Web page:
Parenting concerns: Seven of the main worries for mothers-to-be
New year, new baby? If so, lucky you – but expectant mums experience anxiety as well as excitement. Here a midwife tells Lisa Salmon about the common concerns of parents-to-be and gives advice on what to do
FINDING out you're expecting a baby can be incredibly exciting – and extremely worrying. Expectant mums and new parents are often plagued with uncertainties, from the obvious concerns about having a healthy baby, to worries about their own wellbeing and moods.
A recent study found that over a third (35 per cent) of new mums describe their journey into motherhood as 'challenging' – but the challenges definitely have their plus points, with 80 per cent of expectant mums saying they're looking forward to learning something new every day.
Midwife Vicki Scott says: "With so many choices to make, it's no wonder new mums can find their new role challenging at times, and look for much-needed reassurance in their lifestyle decisions. It's easy to lose yourself as you immerse yourself in your new baby, but it's a wonderful learning process and ultimately, hugely rewarding and fulfilling."
To help alleviate the most common concerns for new mums, baby products firm Philips Avent has launched the Virtual Mummy Mentors programme, working with parenting influencers including Mother Freckle and Celery and Cupcakes who will share posts across their social channels and conduct live Q&A sessions as part of the initiative.
The top 7 worries for expectant and new mums:
1. What to eat and drink when pregnant (81 per cent)
There's no specific diet you should follow when pregnant, but Scott says it's worth looking at what you're eating and drinking, and being mindful of how varied, nutritious and healthy your choices are, and if they could be improved.
"Pregnancy puts a lot of demands on your body, so to nourish it from within will help you support the healthy growth of your baby, and to feel great during your pregnancy," she says.
There are foods you should avoid altogether or limit during pregnancy, and comprehensive information can be found on the NHS website.
Scott says mothers-to-be should choose a wide variety of foods so they'll get a range of nutrients – good quality proteins every day, including fish, eggs, beans and pulses, starchy carbohydrates for energy, fruits and vegetables (important to help that sluggish pregnancy bowel to keep moving), and dairy products (reduced fat is a good choice).
"Remember your baby's getting a share of whatever you're eating, and try to make healthier choices if needed – maybe swapping sugary snacks for something more filling and nutritious, and keep well-hydrated during the day – herbal or fruit teas and water are good choices," adds Scott.
2. Baby development (62 per cent)
Each baby's development is unique, but there's plenty of information available to guide parents on what's normal, such as NHS Pregnancy Week by Week.
3. Morning sickness (61 per cent)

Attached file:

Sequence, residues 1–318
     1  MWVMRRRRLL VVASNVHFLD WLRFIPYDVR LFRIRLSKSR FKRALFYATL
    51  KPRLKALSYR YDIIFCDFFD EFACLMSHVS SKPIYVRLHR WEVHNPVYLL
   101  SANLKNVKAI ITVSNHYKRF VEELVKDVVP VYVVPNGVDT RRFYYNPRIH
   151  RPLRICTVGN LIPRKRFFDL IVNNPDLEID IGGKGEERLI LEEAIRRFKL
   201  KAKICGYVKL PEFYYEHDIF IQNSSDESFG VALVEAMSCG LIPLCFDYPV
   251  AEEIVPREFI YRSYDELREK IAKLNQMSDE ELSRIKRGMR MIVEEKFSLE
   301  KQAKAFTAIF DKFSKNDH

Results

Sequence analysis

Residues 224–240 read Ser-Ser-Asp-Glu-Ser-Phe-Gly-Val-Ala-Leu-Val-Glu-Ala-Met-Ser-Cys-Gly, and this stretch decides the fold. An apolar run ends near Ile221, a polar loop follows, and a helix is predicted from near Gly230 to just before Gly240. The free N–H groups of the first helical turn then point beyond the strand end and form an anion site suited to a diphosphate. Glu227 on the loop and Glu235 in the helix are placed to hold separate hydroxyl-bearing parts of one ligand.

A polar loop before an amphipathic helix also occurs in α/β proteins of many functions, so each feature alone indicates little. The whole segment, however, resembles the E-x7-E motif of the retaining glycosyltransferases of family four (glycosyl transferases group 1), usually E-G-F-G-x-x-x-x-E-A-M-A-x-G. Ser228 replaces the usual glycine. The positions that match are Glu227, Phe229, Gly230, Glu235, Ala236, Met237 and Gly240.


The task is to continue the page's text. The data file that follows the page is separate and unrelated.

Despite the name, Scott says this type of pregnancy-induced nausea, and often vomiting, can last all day for many mums-to-be, and continue for well over half their pregnancy. It can, however, start to lift after the third month.
In severe cases, hyperemesis gravidarum, which affects around one per cent of pregnant women, causes excessive nausea and vomiting, and may need hospital admission to prevent and treat dehydration.
Ginger has long been used to combat nausea, and there's some evidence to support its effectiveness, says Scott, who suggests sipping ginger tea or sucking ginger sweets. In addition, she says acupressure in the form of a special bracelet is worth trying. If nothing helps, visit your GP.
4. What medication to take (52 per cent)
Scott says it's generally best to avoid taking medication in pregnancy unless essential, and always on the advice of a health professional.
If you take regular medication for a pre-existing medical condition, part of your pregnancy planning should include a chat with your medical team to decide if it's better to stay on your medications, or change them to another type more compatible with pregnancy.
"Assume a medicine isn't safe to take until you've checked it out – many over-the-counter medications aren't proven to be safe to take during pregnancy and could be harmful to your growing baby," warns Scott.
5. Managing financially (46 per cent)
It can be hard not to worry about money when there's about to be another mouth to feed, but there's plenty of advice available, such as that on Moneyaware.
6. Moods during pregnancy (36 per cent)
As such huge, physical changes are taking place in your body while your baby grows, it's little surprise that pregnancy affects your emotional health and moods. "The arrival of a new baby is a time of enormous change anyway, but when you're not quite feeling yourself, you may struggle to deal with stresses and triggers as you normally might," explains Scott.
The main culprits for mood swings and exaggerated emotions are hormones, but other causes are physical tiredness, disturbed sleep and changes in your relationship.
Scott advises mothers-to-be to take care of themselves by eating well, making sure they get enough rest, and telling loved ones how they're feeling, so they can help if necessary.
"The upside of mood swings is that they have a positive side – there'll be times of great happiness, positivity and excitement in the time to come too, as you adapt to this next exciting stage in your life," promises Scott.
7. Relationship with partner (19 per cent)
Again, this is unique to you, but you may find helpful advice on the NHS website.